“He’s definitely a big-time or big-stage goalie,” Jets rookie defenceman Logan Stanley said. “He’s been great all year and especially the last two games. We’re glad we have him on our team.”

That might be the ultimate understatement.

When Hellebuyck is as locked in as he was the past two games, it can create doubt in the psyche of the opponent, almost as if it might take a perfect shot or a deflection to beat him.

That’s a scary proposition.

“I'm just continuing on, getting better every day with the details that I've started building from the beginning of the season,” Hellebuyck said.

On deck is a three-game set against a Calgary Flames team that figures to be in full-on desperation mode after dropping consecutive games to the Ottawa Senators.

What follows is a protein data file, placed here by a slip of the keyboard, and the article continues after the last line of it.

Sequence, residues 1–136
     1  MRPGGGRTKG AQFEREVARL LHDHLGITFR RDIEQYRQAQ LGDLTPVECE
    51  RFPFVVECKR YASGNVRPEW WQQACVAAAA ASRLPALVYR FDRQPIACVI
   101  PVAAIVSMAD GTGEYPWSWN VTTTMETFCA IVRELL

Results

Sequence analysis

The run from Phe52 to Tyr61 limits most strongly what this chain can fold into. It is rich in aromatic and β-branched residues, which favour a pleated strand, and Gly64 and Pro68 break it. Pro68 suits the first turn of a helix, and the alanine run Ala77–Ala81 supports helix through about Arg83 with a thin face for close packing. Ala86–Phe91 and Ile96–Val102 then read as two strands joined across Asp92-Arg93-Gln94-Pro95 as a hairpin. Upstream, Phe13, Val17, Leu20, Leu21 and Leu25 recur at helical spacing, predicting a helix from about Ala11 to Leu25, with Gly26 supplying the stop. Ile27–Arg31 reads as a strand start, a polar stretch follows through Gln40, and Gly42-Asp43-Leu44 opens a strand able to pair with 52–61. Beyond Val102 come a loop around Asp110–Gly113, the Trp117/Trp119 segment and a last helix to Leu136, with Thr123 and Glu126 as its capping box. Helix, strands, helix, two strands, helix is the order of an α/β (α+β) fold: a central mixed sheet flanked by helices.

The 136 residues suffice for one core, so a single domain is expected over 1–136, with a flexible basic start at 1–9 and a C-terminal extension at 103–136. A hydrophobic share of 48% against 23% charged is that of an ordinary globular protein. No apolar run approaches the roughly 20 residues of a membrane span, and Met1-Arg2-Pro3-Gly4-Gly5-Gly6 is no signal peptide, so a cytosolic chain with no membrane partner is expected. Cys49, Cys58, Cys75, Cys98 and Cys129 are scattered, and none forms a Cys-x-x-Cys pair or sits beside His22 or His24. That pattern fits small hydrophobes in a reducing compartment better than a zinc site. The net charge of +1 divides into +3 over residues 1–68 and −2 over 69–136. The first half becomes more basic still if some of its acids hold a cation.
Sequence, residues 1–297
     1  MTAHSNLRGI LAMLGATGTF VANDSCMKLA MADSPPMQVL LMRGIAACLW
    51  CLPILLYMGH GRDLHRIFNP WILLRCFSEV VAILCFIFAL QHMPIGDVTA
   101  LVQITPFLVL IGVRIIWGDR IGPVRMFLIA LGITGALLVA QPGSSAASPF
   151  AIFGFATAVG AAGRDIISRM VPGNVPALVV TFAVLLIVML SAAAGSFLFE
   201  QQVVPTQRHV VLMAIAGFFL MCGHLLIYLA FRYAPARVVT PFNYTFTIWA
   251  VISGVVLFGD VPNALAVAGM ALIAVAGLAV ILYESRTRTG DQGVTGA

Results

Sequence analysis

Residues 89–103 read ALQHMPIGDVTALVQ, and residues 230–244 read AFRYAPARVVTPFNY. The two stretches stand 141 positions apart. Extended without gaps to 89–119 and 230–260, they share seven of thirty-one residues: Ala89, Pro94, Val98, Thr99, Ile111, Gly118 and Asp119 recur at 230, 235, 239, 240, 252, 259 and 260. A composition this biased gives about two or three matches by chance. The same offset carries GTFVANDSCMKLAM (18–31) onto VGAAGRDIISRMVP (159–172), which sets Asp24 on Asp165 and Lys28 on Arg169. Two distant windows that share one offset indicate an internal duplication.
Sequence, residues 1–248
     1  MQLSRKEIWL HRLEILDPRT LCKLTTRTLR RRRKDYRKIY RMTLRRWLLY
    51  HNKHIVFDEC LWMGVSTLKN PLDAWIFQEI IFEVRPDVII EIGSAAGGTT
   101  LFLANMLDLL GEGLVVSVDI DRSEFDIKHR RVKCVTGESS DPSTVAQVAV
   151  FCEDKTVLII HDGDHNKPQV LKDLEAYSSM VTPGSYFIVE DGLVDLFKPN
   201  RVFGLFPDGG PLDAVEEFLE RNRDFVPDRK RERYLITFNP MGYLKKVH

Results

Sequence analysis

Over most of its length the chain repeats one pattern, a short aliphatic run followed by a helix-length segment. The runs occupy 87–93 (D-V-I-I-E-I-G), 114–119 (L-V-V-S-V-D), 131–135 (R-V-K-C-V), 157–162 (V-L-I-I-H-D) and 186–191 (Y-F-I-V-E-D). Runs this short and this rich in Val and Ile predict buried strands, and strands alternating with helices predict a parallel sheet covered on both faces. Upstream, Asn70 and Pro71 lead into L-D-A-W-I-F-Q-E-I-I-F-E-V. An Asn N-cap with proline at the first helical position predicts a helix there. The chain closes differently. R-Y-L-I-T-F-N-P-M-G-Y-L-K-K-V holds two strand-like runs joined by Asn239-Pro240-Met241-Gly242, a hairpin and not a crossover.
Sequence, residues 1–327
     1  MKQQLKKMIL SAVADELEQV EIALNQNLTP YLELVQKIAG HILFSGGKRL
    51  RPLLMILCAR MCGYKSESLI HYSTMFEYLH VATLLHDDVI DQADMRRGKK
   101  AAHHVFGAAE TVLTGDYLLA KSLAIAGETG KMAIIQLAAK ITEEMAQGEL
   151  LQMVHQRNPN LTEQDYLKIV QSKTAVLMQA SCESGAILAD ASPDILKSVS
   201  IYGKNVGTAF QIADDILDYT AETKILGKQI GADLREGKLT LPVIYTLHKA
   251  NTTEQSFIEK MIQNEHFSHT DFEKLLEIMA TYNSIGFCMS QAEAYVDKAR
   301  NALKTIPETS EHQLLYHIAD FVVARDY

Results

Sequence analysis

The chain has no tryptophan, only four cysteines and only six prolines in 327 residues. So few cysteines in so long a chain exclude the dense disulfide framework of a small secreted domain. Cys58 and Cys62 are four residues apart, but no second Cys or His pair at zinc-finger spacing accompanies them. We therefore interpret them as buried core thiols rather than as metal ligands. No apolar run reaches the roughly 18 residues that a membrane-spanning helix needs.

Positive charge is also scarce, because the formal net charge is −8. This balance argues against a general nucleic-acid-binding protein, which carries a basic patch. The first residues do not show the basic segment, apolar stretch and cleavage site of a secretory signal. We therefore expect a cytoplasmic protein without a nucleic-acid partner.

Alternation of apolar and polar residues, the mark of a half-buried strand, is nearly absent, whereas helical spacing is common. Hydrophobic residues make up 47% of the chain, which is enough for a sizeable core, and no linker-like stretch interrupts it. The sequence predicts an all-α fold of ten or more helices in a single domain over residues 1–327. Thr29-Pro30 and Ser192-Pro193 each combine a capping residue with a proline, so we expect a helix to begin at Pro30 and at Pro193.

The Jets can see the light at the end of this tunnel, with 13 of 17 games already played during this hectic month of March, and they’re sitting pretty with a record of 20-11-2.

Instead of falling back into the pack, the Jets have elevated their game and continue to build their collective belief.

“We’re a confident bunch. I would say our confidence isn’t very fragile, it’s real. We believe in ourselves and each other and our process,” Copp said. “Obviously if we lose a few, that confidence is going to wane a little bit. But when we do get on a roll, I don’t think we get overconfident.

“When we’re doing well I feel like we think this is how it should be, which is the sign of a winning team. In my book, you expect these results, you expect to win. I don’t know if there’s a season-high of confidence, but I think we definitely feel good about ourselves, as we should. But we can’t get too high either.”

Sage advice from a guy who knows a thing or two about keeping things in perspective and pushing for greater heights.